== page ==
English English Spanish Español
Powered by WUFT
Temporarily change filter
Finding your station

It's Too Soon to Speculate on Two Systems in the Tropics

August 18, 2020

Two tropical depressions or storms are likely to form in the tropical Atlantic basin within the next two days, but it's too soon to make a credible forecast on whether they will impact the United States.

Jeff Huffman/FPREN

A tropical disturbance, referred to as Invest 98 for modeling purposes, was located approximately 1000 miles east of the Lesser Antilles as of Tuesday evening. Invest 98 was producing a concentrated area of showers and thunderstorms, and expected to move into an environmental favorable for a tropical depression to form over the next 48 hours. As it continues to track west-northwest at 15 to 20 mph , minimal vertical wind shear and warmer-than-average sea surface temperatures could allow Invest 98 to intensify further into a tropical storm by the end of the week.

Forecast model simulations suggest Invest 98 will travel north-northwest and approach northern parts of the Lesser Antilles by the start of the weekend. Thereafter, there is much uncertainty on the potential track and intensity of the system. It could continue westward through the Greater Antilles and move into the Gulf of Mexico by early next week, or it could pivot and favor a more northerly track toward the U.S. East Coast. A clearer forecast is expected once a center of circulation is identified, which is likely to occur by Thursday.

NHC: Low chance of tropical development in next five days.

The National Hurricane Center (NHC) has also been issuing updates on Invest 97, which as of Tuesday evening was located in the eastern Caribbean Sea. There is no immediate threat to land from Invest 97. However, some forecast models suggest it might track toward the Yucatan Peninsula or Gulf of Mexico by this weekend. It has recently struggled to become better organized, but NHC forecasters say it will enter into a more favorable environment for maturation by the end of the week.

While neither of these tropical systems pose an immediate threat to the United States, all residents in hurricane prone areas are encouraged by emergency managers and meteorologists to monitor future forecasts. The most active 60 days of the Atlantic hurricane season has begun, and this is generally when hurricanes are most frequent and the strongest.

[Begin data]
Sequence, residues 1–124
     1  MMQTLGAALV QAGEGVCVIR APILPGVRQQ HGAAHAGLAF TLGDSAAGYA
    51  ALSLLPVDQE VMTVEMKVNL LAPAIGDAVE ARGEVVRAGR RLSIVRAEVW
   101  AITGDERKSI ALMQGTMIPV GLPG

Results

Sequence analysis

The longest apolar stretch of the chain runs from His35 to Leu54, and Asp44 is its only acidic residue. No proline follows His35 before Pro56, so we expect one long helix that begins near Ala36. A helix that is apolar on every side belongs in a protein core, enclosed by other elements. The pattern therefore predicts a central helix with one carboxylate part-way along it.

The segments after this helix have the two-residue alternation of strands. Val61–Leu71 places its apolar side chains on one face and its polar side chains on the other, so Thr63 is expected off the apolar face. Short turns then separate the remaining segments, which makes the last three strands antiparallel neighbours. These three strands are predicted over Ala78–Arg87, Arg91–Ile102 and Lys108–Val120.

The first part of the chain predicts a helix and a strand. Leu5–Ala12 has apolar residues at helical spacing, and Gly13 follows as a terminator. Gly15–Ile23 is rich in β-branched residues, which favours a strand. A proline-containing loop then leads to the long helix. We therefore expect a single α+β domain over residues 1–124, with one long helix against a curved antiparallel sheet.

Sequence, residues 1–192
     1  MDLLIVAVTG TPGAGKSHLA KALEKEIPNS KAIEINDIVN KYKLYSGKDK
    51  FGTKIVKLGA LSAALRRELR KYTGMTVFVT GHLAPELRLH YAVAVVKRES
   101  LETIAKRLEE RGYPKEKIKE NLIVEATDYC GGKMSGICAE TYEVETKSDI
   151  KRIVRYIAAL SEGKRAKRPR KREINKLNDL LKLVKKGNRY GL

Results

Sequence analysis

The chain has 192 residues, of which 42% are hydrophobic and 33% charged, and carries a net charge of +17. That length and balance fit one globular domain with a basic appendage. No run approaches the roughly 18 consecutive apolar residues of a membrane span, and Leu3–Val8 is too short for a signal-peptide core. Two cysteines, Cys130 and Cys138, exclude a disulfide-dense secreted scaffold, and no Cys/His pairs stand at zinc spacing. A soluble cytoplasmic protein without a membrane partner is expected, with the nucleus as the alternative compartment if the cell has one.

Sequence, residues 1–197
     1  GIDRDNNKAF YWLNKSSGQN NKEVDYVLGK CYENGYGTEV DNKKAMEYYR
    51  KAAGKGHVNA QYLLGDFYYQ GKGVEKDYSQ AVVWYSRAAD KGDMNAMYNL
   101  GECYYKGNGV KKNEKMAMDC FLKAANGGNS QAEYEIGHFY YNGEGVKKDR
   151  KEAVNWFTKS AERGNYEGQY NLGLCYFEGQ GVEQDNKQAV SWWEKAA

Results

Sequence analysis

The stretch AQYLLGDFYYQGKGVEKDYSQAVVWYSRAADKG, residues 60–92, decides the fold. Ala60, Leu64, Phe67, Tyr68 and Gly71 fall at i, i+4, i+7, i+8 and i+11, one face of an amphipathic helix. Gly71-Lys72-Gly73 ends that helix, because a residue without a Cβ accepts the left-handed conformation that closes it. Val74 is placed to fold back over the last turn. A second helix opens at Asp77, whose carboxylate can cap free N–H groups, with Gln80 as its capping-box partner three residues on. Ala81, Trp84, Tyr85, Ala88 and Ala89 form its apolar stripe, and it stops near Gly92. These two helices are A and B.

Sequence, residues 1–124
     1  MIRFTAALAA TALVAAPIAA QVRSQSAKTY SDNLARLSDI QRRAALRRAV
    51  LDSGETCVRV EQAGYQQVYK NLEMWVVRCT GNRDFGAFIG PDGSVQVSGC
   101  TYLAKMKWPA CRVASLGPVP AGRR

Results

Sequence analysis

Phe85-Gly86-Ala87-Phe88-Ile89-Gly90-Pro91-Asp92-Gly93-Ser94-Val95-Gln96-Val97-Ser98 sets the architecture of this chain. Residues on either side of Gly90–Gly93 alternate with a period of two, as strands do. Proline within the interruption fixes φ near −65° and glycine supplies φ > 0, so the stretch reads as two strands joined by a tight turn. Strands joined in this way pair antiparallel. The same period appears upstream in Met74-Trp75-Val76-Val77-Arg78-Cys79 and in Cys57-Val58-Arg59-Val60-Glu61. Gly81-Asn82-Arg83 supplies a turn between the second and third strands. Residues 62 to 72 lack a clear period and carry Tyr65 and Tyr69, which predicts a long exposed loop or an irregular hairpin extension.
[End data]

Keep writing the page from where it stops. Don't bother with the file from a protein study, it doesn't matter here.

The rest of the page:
If either of these two systems were to reach tropical storm status - wind speeds of at least 39 mph - their names would be Laura and Marco. Eight records for earliest named storms have been set so far this year, which include Cristobal, Edouard, Fay, Gonzalo, Hanna, Isaias, Josephine, and Kyle. The current record for the earliest twelfth named storm is Luis, which formed on August 29, 1995.

Sources include nearest National Weather Service office, National Hurricane Center, and the Florida Public Radio Emergency Network (@FloridaStorms).
Sources include nearby emergency management agencies, FEMA, and your local NPR affiliate. 
Sources include the Florida Department of Transportation, Florida Highway Patrol and other nearby traffic information.

1885 Stadium Road
PO Box 118405
Gainesville, FL 32611
(352) 392-5551

A service of WUFT at the University of Florida College of Journalism and Communications 

Partners of the Florida Public Radio Emergency Network include: Florida's Division of Emergency Management, WDNA (Miami), WFIT (Melbourne), WMFE (Orlando), WFSU (Tallahassee), WGCU (Fort Myers), WJCT (Jacksonville), WKGC (Panama City), WLRN (Miami), WMNF (Tampa-Sarasota), WQCS (Fort Pierce), WUFT (Gainesville-Ocala), WUSF (Tampa), WUWF (Pensacola) and Florida Public Media.

linkedin facebook pinterest youtube rss twitter instagram facebook-blank rss-blank linkedin-blank pinterest youtube twitter instagram